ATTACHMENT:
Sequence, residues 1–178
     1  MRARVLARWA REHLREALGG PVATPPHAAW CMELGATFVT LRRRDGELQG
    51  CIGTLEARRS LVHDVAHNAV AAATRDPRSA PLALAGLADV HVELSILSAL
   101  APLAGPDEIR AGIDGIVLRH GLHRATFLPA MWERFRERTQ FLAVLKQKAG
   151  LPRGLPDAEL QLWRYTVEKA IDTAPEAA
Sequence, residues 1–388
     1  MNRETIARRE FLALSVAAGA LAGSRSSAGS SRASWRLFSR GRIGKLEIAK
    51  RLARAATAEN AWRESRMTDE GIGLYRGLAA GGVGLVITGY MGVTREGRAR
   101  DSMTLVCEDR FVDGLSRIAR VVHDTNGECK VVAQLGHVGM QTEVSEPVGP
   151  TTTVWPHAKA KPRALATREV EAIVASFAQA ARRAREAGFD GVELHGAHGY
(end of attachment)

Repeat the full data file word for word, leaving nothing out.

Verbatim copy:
Sequence, residues 1–178
     1  MRARVLARWA REHLREALGG PVATPPHAAW CMELGATFVT LRRRDGELQG
    51  CIGTLEARRS LVHDVAHNAV AAATRDPRSA PLALAGLADV HVELSILSAL
   101  APLAGPDEIR AGIDGIVLRH GLHRATFLPA MWERFRERTQ FLAVLKQKAG
   151  LPRGLPDAEL QLWRYTVEKA IDTAPEAA
Sequence, residues 1–388
     1  MNRETIARRE FLALSVAAGA LAGSRSSAGS SRASWRLFSR GRIGKLEIAK
    51  RLARAATAEN AWRESRMTDE GIGLYRGLAA GGVGLVITGY MGVTREGRAR
   101  DSMTLVCEDR FVDGLSRIAR VVHDTNGECK VVAQLGHVGM QTEVSEPVGP
   151  TTTVWPHAKA KPRALATREV EAIVASFAQA ARRAREAGFD GVELHGAHGY